[ back ] 3. Lord 1960/2000:100–101. Gregory Nagy’s evolutionary model offers a model for the textualization of the oral tradition and the relative “fixity” in our textual sources (Nagy 2004:26–31). Such a model is in keeping with Lord’s arguments against searching for or positing an “original.”
[ back ] 4. See Parry 1971, Lord 1960/2000, Lord 1991, and Lord 1995; see also Nagy 1996a and Nagy 2002.
[ back ] 5. Lord 1995:23.
[ back ] 6. Dué 2001a, Bird 2010.
[ back ] 7. Dué and Ebbott 2009.
[ back ] 8. We may compare the so-called “new philology” of Bernard Cerquiglini (see especially Cerquiglini 1999), which calls for understanding individual manuscripts (of whatever genre of literature) within the context of their own historical communities. In Cerquiglini’s model, the study of surviving manuscripts for the purposes of reconstructing a notional “Ur text” is a distortion of the way such manuscripts actually functioned. Although Cerquiglini’s ideas are not focused primarily on the problems inherent in the textual criticism of oral-derived texts, they offer further justification for the inherent value in studying each historical document that transmits Homeric poetry on its own terms. We as editors of the Homer Multitext do not seek to deny the value of traditional textual criticism/philology for the investigation of the origin, transmission, and significance of particular multiforms; in fact we argue that a multitextual approach supports these kinds of investigations while remaining true to the implications of the fieldwork of Parry and Lord. In this way we might be said to combine “old philology” with “material philology” or “new philology” (as advocated by Drout and Kleinman 2010). In seeking to present a critical framework for oral-derived texts, we have much in common with scholars of medieval (especially French) literature, who likewise grapple with how to represent texts that in their own time were in a constant state of flux. (See also Nagy 1996a:7–38 on the concept of mouvance as it applies to Homeric poetry.) For more on the theoretical underpinnings of the Homer Multitext and how our goals intersect with other projects (especially those that feature digitized manuscripts), see, in addition to Dué and Ebbott 2009, Dué, Blackwell, Ebbott, and Smith 2014.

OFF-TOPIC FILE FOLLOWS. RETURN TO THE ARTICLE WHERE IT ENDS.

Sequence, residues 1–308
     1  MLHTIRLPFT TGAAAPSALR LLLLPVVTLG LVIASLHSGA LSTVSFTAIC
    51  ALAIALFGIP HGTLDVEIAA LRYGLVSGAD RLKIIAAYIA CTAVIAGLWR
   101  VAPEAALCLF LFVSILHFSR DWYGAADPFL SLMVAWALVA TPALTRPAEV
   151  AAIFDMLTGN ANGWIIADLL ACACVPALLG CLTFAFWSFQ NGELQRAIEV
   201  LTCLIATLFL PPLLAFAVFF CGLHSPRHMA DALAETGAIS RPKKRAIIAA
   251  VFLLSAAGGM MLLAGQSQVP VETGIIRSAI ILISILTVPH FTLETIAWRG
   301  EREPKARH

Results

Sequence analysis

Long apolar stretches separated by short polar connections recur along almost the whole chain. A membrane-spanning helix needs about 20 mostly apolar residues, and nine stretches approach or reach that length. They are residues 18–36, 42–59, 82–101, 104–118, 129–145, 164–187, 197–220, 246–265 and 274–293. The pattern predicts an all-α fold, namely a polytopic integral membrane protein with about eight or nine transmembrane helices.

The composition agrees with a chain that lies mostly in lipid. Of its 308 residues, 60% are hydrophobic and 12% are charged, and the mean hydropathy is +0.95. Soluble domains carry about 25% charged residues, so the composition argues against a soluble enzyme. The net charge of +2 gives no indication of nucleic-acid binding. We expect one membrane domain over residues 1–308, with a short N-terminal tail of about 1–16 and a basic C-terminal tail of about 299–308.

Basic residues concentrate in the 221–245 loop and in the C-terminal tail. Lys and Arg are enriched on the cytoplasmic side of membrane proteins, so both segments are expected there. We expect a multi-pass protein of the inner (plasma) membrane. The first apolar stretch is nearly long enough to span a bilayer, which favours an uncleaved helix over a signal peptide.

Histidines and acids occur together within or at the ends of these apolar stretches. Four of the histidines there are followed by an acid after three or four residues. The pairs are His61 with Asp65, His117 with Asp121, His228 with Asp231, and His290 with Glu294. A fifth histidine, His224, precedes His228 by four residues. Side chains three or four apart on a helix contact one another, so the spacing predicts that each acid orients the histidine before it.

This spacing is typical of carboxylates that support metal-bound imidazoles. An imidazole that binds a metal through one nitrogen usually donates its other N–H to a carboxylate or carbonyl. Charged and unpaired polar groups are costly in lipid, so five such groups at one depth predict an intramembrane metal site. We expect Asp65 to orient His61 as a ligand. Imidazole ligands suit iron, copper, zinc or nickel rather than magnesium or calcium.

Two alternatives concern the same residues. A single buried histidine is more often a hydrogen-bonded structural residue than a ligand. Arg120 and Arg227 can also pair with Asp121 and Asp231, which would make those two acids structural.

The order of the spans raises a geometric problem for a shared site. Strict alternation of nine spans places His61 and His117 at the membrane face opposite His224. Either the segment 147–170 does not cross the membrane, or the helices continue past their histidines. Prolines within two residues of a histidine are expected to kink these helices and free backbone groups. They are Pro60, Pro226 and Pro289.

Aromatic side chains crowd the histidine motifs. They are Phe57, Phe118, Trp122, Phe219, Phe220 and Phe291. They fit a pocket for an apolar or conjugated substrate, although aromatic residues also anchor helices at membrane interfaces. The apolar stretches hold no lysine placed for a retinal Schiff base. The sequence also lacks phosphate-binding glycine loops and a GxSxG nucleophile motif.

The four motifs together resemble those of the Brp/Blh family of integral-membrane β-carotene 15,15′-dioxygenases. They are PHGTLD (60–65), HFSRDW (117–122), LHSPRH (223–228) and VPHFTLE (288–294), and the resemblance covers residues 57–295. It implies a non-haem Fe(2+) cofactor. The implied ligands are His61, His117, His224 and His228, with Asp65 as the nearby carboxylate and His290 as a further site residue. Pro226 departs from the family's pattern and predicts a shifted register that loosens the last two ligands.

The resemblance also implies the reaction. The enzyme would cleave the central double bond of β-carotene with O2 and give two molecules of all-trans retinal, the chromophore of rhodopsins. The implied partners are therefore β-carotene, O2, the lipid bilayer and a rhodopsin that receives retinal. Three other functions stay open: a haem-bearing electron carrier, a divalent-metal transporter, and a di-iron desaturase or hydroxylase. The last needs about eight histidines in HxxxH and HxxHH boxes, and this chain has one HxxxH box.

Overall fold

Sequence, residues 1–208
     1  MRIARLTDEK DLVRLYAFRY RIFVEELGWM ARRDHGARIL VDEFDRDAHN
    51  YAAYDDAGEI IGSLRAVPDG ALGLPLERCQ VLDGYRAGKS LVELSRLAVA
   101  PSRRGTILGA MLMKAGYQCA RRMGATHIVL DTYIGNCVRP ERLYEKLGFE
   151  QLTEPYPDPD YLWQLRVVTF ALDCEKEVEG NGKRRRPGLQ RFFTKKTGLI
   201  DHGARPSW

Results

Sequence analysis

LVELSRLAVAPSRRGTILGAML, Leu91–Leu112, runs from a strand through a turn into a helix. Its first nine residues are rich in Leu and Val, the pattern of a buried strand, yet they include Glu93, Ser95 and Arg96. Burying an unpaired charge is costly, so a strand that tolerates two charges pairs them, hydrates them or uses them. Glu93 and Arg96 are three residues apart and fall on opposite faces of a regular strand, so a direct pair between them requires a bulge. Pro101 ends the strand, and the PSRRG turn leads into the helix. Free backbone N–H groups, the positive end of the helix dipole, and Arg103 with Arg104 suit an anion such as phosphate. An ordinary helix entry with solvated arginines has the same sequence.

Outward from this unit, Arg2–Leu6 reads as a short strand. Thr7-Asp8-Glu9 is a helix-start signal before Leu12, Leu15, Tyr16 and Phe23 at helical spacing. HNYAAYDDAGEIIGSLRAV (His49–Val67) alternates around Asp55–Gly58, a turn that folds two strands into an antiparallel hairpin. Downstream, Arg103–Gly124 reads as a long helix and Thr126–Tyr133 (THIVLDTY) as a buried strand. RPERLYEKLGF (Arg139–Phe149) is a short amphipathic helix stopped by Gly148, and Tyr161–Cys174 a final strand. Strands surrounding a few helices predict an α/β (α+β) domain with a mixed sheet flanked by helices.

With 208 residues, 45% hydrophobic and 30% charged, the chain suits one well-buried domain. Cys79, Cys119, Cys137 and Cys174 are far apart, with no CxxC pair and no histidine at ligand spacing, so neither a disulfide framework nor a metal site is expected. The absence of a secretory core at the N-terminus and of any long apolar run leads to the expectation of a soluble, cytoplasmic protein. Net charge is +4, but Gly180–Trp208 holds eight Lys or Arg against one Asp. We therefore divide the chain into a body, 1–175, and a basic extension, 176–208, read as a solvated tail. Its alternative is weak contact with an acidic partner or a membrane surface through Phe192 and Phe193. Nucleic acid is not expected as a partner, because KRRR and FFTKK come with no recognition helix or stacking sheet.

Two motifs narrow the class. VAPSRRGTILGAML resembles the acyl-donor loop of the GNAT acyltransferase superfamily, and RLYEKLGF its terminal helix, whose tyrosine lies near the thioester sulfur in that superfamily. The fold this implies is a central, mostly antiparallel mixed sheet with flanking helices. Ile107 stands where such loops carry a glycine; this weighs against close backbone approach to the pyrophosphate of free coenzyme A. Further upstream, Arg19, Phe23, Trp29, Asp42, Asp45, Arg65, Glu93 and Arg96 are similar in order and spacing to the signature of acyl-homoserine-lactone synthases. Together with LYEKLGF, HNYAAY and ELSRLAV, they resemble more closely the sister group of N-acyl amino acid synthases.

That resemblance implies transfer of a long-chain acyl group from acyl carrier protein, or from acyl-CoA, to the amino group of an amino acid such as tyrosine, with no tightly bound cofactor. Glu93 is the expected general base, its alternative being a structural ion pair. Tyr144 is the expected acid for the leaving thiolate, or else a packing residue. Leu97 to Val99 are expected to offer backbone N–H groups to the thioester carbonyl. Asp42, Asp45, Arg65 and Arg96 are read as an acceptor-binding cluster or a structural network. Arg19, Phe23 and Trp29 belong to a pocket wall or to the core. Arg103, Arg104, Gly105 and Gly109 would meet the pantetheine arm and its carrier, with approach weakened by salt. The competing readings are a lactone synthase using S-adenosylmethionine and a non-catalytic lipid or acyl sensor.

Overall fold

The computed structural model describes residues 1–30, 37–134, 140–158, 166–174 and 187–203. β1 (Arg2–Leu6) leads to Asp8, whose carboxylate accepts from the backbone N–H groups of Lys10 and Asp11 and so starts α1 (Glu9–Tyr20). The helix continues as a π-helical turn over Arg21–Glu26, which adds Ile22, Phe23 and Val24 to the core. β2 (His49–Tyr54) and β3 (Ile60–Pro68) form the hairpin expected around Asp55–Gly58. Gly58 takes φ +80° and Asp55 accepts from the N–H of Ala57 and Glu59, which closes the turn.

[ back ] 9. See below and Dué and Ebbott 2009 for detailed examples of these kinds of multiforms.
[ back ] 10. See the blog post by Amy Koenig and Annalisa Quinn on the Homer Multitext blog:
[ back ] 11. For further details, see Roughan’s own explanation on the Homer Multitext blog:
[ back ] 12. See for example folio 24r and Allen 1899:172–176.
[ back ] 13. Nagy 2004:3–39. Some papyrus texts have also been preserved with scholia, though these are not as extensive as those in the medieval manuscripts. See McNamee 1981, 1992, and 2007.
[ back ] 14. Nagy 2004:36–38 considers the plus verses as a “most valuable test case” for the multiformity of the Homeric system. He shows the profound value for recognizing the multiformity of the system in recovering “a significant portion of the Homeric repertoire.”
[ back ] 15. Dué 2001a.
[ back ] 16. Pelliccia 1997:46. See also Finkelberg 2000, who cites Pelliccia as well as S. West 1967 and Powell 1991 in her argument that the known variants of the Iliad and Odyssey are too restricted to be considered multiforms.
[ back ] 17. Kirk 1985: ad 1.1, on a variant Iliad proem. Cf. Janko’s (1994) criticism of Van Thiel’s decision not to bracket many verses considered by Apthorp to be interpolated: “This is not progress … the removal of such lines almost always improves the poem’s literary qualities” (293).
[ back ] 18. On this papyrus see also Dué and Ebbott 2010:169–173. A complete transcription of the papyrus can be found at
[ back ] 19. For more on the concept of horizontal and vertical multiformity see Nagy 2001:115n25 and 2004:54–66.
[ back ] 20. It is very often the case that the variations presented in the early papyri and quotations of the Homeric poems in other ancient texts are arguably as “Homeric” as those of the medieval manuscripts when examined, as we will do here, from the point of view of Homeric diction and formulaic language. See Dué 2001a and 2001b and Bird 2010 for other examples.
[ back ] 21. Edwards 1984.
[ back ] 22. See our interpretive commentary in Dué and Ebbott 2010 on lines 10.137, 10.148, 10.382 for πολύμητις and on 10.248 for πολύτλας. Both cunning and endurance of physical discomfort and fear are qualities associated with Odysseus as a master ambusher and with ambush in general (as described by Idomeneus in Iliad 13.269–287).
[ back ] 23. See Dué and Ebbott 2014.